Review: LOUD on Planet X

As a proud Canadian who has also worked as a disc jockey at their university’s radio station, you end up gaining an appreciation for the Canadian music scene. I mean, you basically have to, seeing as how all of our broadcasts are legally required to contain one-third Canadian content, but that’s kind of another story that eventually leads to me cursing heavily at the CRTC. The point is, we have a large stable of incredibly talented musicians that deserve any prominent showcases they can get, so highlighting them in their own video game is a great approach. Especially when it features them battling aliens, of course. And while LOUD on Planet X doesn’t quite reach Polaris-worthy levels of acclaim, it’s still a fun jam session overall.

Presenting itself as a unique combination of rhythm, shooter, and tower defense games, LOUD on Planet X gathers a host of acclaimed indie musicians as they get abducted and taken away to the titular Planet X…or something along those lines, the plot is a bit vague. Then again, the plot doesn’t even matter that much. After all, all you need to know is that aliens are attacking the stage, and much like in the classic that was Revolution X, music is the weapon. So having set up speakers to blast beams of pure rock along four lanes of approaching adversaries, it’s up to you to help blow them away.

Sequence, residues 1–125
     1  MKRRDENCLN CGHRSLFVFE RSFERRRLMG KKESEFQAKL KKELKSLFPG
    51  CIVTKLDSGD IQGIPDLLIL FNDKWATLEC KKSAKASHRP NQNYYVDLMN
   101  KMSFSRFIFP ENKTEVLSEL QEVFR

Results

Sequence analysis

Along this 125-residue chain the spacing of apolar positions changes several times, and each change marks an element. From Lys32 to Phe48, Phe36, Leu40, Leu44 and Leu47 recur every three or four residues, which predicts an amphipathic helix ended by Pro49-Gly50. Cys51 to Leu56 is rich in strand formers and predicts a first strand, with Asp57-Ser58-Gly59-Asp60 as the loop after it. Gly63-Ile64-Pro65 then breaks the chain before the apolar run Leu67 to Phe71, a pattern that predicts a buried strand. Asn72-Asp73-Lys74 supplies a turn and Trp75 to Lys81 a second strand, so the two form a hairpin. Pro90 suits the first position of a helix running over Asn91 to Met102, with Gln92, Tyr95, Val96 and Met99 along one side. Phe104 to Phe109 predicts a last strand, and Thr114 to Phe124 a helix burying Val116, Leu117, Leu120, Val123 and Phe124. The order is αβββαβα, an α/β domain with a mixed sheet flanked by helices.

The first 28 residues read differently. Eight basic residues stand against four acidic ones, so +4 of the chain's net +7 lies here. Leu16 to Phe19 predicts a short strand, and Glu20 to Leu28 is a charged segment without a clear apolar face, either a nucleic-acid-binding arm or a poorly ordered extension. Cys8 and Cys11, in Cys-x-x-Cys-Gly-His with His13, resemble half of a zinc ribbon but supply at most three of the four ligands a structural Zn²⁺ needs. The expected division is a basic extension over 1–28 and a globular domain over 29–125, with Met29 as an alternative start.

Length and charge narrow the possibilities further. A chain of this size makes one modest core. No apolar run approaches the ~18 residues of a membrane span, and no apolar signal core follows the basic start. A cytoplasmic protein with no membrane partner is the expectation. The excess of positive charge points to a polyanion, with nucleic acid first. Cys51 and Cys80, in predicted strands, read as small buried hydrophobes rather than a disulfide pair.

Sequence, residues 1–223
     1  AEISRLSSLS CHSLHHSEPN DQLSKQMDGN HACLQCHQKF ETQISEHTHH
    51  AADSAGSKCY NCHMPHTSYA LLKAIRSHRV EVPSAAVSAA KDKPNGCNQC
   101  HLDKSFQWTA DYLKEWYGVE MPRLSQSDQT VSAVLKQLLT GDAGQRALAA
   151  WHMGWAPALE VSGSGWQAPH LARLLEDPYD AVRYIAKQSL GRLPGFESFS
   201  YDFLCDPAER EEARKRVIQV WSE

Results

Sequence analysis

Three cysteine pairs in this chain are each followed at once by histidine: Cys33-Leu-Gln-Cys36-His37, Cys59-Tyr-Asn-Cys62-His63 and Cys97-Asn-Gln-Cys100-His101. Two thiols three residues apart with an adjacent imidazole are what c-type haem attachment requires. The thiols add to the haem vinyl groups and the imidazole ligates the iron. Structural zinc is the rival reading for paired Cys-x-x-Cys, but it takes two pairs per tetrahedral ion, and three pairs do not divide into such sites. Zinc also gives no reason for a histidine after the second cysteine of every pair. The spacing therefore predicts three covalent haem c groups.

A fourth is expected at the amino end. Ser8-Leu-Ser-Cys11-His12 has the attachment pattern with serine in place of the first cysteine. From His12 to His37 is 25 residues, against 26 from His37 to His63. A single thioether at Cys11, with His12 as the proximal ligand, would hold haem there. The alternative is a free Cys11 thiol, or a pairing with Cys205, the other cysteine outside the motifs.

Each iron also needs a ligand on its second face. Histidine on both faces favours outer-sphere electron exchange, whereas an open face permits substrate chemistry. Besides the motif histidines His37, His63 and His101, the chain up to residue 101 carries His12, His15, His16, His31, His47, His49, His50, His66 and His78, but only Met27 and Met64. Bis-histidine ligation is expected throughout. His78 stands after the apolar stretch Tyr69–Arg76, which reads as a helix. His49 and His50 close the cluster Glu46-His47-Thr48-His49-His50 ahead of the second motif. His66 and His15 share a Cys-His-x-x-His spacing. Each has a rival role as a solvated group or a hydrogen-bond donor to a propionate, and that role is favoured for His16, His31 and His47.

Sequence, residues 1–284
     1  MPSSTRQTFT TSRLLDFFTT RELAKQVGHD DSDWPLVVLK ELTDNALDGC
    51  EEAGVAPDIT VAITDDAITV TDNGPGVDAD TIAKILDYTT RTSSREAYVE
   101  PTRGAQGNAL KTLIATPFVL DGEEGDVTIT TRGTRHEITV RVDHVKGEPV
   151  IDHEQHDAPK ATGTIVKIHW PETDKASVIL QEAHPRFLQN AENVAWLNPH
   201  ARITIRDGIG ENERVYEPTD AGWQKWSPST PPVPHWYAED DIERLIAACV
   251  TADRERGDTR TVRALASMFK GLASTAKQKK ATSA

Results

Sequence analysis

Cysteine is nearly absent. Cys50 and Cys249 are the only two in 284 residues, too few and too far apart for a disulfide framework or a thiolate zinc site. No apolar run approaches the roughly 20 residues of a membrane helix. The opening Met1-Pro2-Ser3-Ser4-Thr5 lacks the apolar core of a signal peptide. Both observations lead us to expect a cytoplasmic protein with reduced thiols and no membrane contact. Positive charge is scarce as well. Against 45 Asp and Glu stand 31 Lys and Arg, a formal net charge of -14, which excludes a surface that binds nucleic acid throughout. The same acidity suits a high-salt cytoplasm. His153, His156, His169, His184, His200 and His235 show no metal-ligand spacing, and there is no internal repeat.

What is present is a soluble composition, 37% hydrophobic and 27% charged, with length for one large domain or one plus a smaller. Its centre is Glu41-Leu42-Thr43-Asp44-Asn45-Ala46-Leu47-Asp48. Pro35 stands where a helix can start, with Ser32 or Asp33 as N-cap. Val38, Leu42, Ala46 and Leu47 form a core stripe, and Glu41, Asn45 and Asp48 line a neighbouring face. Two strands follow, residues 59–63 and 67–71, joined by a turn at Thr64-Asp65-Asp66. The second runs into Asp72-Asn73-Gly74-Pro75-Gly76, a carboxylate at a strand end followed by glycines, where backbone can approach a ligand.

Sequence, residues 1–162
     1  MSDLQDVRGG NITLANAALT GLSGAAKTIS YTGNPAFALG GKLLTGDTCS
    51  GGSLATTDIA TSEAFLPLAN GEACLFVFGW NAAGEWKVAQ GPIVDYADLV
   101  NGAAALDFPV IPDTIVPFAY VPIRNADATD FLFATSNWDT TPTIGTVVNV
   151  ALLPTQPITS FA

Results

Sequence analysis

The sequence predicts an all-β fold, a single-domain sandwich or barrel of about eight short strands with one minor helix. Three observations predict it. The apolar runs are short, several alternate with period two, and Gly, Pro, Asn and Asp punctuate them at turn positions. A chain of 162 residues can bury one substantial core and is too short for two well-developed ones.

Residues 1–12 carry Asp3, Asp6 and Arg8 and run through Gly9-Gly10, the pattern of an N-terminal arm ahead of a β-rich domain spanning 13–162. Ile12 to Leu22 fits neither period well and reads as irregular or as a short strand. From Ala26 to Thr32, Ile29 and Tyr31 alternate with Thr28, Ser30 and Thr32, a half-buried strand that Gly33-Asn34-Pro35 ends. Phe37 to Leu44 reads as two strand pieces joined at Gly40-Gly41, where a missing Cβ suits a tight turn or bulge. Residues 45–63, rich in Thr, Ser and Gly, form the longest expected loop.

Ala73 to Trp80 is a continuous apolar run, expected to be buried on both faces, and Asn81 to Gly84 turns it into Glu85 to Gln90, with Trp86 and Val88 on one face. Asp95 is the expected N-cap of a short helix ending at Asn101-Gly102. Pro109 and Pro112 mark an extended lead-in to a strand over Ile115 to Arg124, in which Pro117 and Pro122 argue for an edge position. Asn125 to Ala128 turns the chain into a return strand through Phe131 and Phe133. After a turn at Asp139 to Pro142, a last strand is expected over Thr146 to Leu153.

Let’s get right to the most obvious strength of LOUD on Planet X: namely, that the soundtrack is absolutely flipping amazing. The fourteen-artist lineup contains the likes of such acclaimed Canuck heavy hitters as Tegan and Sara, F*cked Up, Metric, METZ, Purity Ring, and even CHVRCHES, HEALTH and Little Dragon to add a bit of international flair. Even with a relatively small twenty-eight songs (two per artist), the end result is an eclectic mix of punk, hip-hop, alt-rock, synth-pop and more that all flows together perfectly and sounds like the greatest Big Shiny Tunes compilation never made (side note: here’s hoping any success this game has allows Much to revive that series).

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The visual style is also nice and minimalist, featuring sleek, lineless artwork and nifty Mutant Blobs Attack-esque alien design. Even with limited animation, watching the little versions of each artist perform on stage is a cute little visual treat, and a particularly nice touch is the screen-clearing special attack (earned by filling up a meter as you blast away enemies) which causes a splash screen to appears that gradually builds a signature symbol or pattern associated with the band, like watching an album cover get constructed before your eyes. LOUD on Planet X has the look and sound of a grade-A rhythm game down pat, but as for the gameplay…well, that’s where we hit some snags.

The gameplay is simplistic and enjoyable, but perhaps a bit too simplistic at times. The goal is to tap along with the beat of each song, as the speaker in each lane won’t fire unless you tap it at the right time. But the problem is that the beat never really changes, so at times it feels repetitive, less like you’re playing along with the band and more like you’re the band’s metronome. More complex patterns would arguably be hard to combine with the tower defense elements, but a bit more variety and difficulty in mastering the rhythm would have been appreciated.